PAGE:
Cats love yarn and wool – it’s a fact.
Depending on the age and personality of your little feline friend, they may choose to interact with your (their) yarn or wool differently.
Dexter – our oldest and the only boy – likes to snuggle up with roving, wrap it around his paws and body, and left to his own devices takes about ten minutes to look like “Mummy-Cat”, running around the house with a fluffy train reminiscent of Princess Diana’s wedding dress.
He knows exactly where I store everything, and each time I open a specific wardrobe or closet, he’ll storm into the room knowing he has an opportunity to sneak inside and swim around in piles of wool. It starts off as cute, then gets slightly annoying, and then I realize I’m just jealous that I don’t have enough wool to roll around in just like him. One day . . .
Yarn is where Dexter’s interest begins to wane and Suki, the baby, gets involved. Dexter could care less about a ball of yarn I’m knitting with or my baskets upon baskets of yarn stored in my studio. Suki, however, lives for chasing yarn tails around the house, pawing at my working yarn, or cuddling up inside one of the baskets. Oftentimes, since she’s such fabulous ginger cat, she’ll blend in with the yarn and I won’t realize that she’s stuck in the studio until she wakes up from her nap and I can see her pawing at the glass door so she can be let out.
And what about Mila? Well, she prefers finished objects. Mila is a lap cat, but will only sit on a blanket or other piece of warm, fuzzy fabric. In the summer, we’ll blast the air conditioning just to get it cold enough to justify a lap blanket – Mila will just meow until you place it on your lap so she can have a seat. In the winter, she’s most content – there’s plenty of knitting in my lap when she’s ready to sit down, and while it makes turning my work difficult sometimes, I’ve really gotten used to it. Once I place the work down on the couch to step away though, all bets are off. She’ll cuddle with a WIP and gets really angry when I attempt to pick my knitting back up – I tell myself it is the universe’s way of telling me I should take some time to tidy, clean, do laundry, etc., and entertain myself until she’s done.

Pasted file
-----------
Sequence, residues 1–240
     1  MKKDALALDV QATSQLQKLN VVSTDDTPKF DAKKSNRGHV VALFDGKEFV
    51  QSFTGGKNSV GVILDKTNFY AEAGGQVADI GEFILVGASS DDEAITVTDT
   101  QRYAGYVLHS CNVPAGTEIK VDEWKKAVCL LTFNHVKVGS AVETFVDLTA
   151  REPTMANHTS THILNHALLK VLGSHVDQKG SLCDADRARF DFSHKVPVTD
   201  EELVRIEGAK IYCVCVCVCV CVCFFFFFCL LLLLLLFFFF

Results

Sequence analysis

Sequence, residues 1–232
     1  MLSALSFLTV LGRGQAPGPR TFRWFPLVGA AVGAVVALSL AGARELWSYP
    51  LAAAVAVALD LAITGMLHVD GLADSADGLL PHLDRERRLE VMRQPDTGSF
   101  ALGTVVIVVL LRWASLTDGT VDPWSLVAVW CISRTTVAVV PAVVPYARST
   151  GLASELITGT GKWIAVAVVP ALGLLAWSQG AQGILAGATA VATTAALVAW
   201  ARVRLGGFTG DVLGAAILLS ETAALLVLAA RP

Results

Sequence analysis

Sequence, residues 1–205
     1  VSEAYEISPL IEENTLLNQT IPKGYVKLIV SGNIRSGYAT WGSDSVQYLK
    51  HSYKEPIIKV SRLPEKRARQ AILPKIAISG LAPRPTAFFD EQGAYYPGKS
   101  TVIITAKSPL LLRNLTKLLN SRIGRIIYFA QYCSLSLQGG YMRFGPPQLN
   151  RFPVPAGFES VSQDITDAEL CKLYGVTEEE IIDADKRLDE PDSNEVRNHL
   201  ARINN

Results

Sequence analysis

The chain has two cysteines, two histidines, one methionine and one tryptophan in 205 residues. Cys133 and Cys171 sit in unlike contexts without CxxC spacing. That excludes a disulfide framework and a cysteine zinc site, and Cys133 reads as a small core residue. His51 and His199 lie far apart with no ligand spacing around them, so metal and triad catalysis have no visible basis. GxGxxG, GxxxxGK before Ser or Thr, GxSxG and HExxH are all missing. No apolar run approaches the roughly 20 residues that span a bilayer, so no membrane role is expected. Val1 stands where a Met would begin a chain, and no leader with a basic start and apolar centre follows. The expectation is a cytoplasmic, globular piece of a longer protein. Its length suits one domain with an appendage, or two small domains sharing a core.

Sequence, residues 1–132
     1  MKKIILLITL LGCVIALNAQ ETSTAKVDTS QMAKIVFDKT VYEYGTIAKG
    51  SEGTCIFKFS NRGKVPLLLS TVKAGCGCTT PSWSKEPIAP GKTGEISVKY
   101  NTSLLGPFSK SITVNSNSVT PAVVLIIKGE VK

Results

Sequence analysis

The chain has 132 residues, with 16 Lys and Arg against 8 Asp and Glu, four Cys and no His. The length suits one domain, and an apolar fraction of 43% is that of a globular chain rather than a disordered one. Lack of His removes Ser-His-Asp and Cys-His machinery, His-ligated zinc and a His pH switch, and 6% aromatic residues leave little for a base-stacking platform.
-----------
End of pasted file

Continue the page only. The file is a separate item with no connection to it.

I appreciate the predictability and balance. Dexter isn’t interested unless I’m spinning. Suki only cares about yarn when I’m winding it from a skein into a cake, and Mila doesn’t really come calling until the project is big enough to lay on, which takes a while. All and all, there isn’t a lot of cat interference in my fiber world, and I know I’m blessed.
This all changed with Pagewood Farm’s Plumes. Wool AND feathers is the catnip of the fiber world for my feline children, and as happy I was to finally utilize the yarn (it’s been sitting in my stash for over a year) and make a fun, warm hat for Mr. Joseph, it was a battle to keep all three cats away from it long enough for me to get anything done.
Mila was chewing on the feathers from yarn still wound up in a ball, Suki was busy pawing at my working yarn, and Dexter decided to rub up against the back of my neck (I tension my yarn there), sniffing away obsessively at the wool. The only conclusion I can make is that a collective of cats is responsible for designing Plumes. If a representative from Pagewood could confirm this, it would be appreciated (and please put a warning on the label).
I literally had to lock myself in a room to finish this project. Only a few feathers were lost in the process, and I’m very happy with the finished look:
Plumes will be my first pattern on Ravelry. I’m writing it up, and looking for test knitters, so if you have a skein lying around (one skein and a complimentary chunky yarn will be enough yardage to makeup to two medium/large sized adult hats) or would be interested in investing in the materials to test knit this hat, please feel free to either message me here or email me: firstname.lastname@example.org.
I’ll be looking for test knitters through the month of March, with a pattern release slated for the first week of April. Yay!
In the meantime, it’s back to the blanket border knitting for me. Happy Friday, everyone!
About Hunter Liam
Hunter's grandmother had him making buttons and threading her sewing machine at the age of three. Ever since then, he's been obsessed with making things with his hands as a form of creative expression.Knitter, spinner, designer, writer, photographer, dancer . . . or just a creative soul with ADD.